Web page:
We just got home an hour or so ago right in front of some more freezing rain, feeling pretty good about ourselves we parked the car and started moving stuff into the house. About 4 minutes later the car starts heading down the hill towards the neighbors rig and the BIG hill, which would have ended poorly except it stopped on a small bump before it could get to far (about 15'). A post-mortem of the situation revealed that the tires, hot from having covered some 600+ miles straight, had melted the thin layer of snow on the driveway which refroze into ice under them which let the rig break free. Once it got going gravity and newtons first law kicked in until it was luckily stopped by the bump. A quick shoveling followed by some sand and ice melt got the parking area of the driveway into good shape (you know you live in the frozen north when you always have sand and ice melt in stock ).
This got me thinking about some of the stuff I saw in areas where folks don't get to much snow/ice and how they (sometimes) failed to deal with it very well and thought I might make a short list of things I saw along the way (not that places where people should know better always deal with this stuff as maybe they ought to either). Please feel free to add your own or correct misstatements in mine
- Shovel the snow before putting down ice melt. Otherwise you're just making water which will freeze into more ice which takes longer to thaw and is worse!
- Shovel the snow before driving or walking on it. Once its packed down its a whole lot more annoying/work to deal with (and if it re-freezes to ice can be impossible to clear). Ice also takes 4-5 time longer to melt than snow and if you can expose the road/driveway sooner rather than later any sun will knock the rest off much quicker (even at below freezing temperatures blacktop heats up pretty fast).
- If you can, wait until the sun has hit the road for an hour or so, it will soften up the ice/snow and make it less "glassy" so it won't be quite as slick.
- Clear that layer of ice/snow off of the top of your car. Otherwise it will come off at the worst moment, either when you stop (obscuring your vision, possibly wreaking your wipers if lots of ice) or on the road when it can fly off into someone elses windshield. I saw several cars stopped at parking lot exits while the owner shoveled off the windshield from everything sliding forwards on this trip, lucky for them all I saw happened where it was easy to get out and clear it off...
- Watch for the "truck droppings" (big chucks of ice/snow off of the bottom of cars/trucks), those are basically solid blocks of ice and can really wreck the underside of your rig
- Be nice (and smart) and kick the truck droppings off of your truck/car when you stop every so often so you don't leave them for others.. or have them fall off and run over them yourself.
- Stay back please! Tailgating is always a bad idea, but the folks who do it on ice are really get my goat. You ain't going to be able to stop if you need to and I don't need you running into me!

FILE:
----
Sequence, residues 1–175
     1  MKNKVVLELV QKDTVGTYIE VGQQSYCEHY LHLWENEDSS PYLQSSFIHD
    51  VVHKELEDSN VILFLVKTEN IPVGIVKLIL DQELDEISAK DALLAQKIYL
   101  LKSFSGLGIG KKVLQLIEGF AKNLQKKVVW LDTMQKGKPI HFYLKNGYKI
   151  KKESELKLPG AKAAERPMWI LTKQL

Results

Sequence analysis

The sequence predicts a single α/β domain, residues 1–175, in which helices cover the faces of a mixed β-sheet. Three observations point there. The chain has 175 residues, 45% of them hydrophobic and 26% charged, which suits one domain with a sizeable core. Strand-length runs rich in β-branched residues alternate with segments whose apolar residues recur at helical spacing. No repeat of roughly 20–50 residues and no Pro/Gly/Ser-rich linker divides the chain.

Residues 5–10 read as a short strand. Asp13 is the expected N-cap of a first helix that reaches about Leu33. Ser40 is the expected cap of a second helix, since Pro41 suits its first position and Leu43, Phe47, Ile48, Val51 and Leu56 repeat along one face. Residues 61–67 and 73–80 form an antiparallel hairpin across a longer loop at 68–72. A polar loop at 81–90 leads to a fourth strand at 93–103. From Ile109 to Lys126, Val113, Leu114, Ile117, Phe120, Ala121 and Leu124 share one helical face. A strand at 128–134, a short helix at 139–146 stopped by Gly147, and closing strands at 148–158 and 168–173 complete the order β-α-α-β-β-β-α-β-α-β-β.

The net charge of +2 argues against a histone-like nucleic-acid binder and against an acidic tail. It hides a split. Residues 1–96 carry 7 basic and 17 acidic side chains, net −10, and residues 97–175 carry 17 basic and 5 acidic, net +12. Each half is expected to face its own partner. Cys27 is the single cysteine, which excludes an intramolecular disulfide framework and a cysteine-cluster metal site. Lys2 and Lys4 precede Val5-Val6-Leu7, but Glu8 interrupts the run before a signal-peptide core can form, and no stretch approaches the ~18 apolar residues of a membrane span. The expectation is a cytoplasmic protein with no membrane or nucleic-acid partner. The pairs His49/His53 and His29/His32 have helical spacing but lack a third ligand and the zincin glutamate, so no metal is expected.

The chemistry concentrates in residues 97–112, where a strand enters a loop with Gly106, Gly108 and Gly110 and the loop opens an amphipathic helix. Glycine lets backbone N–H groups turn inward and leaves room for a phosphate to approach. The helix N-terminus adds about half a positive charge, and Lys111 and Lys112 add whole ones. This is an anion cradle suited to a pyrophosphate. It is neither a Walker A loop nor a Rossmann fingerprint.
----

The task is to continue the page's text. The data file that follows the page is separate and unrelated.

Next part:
- Don't gun it! Stomping on the gas ain't going to get you anywhere (except maybe the ditch) and is almost as bad as slamming on the brakes (maybe worse nowadays with all the magic braking systems). I can't count how many folks don't seem to get this one, easy on, easy off and you'll get there. If you can't go forward gunning it likely won't help, maybe backup a smidge then try easing forward.
- Sharpen your ice scraper. 5 minutes with a file makes that ice peal off so much easier (doesn't have to be complicated, just get rid of the divots and don't make to thin of an edge). I sharpened ours before the trip and its well due for another round now (chipping ice out of the wheel wells didn't help - the Santa Fe holds the road well, but really seems to be bad for accumulating ice .. everywhere!).
- Do NOT use cruise control in slick conditions. A co-worker flipped his car 4 times at ~80mph (and luckily wasn't hurt) a couple years back largely because he used cruise control (and was going to fast and stomped the brakes.. but it all adds up ).
- Do NOT pass snow plows or sanding trucks!! Especially on the right but generally at all!! They can catch a bump in the road and twist sideways faster than you can blink and many have blades that stick way out further than you'd expect (not to mention they're throwing snow/ice chunks/rocks/gravel off the right side). That was one of the more cringe worthy moments we had on this trip when a car passed us and then the plow in front of us on the right and the plow caught and swung at them (barely missing by maybe a foot or so).
- Finally SLOW DOWN! I've been in lots of bad weather and watched plenty of folks with more ambition than me fly by and spin off into the ditch (a particularly memorable occasion was during an ice storm in Portland a few years ago when I saw at least 5 cars spin off the road or into the divider in a ~6 mile stretch of road while we breezed on through at 1/4 the speed - literally everyone that passed us ended up in the ditch). And yes I've certainly seen a lot of 4x4s (and around here Subarus which so many people somehow think are invincible its a local running joke) upside down in the ditch as well.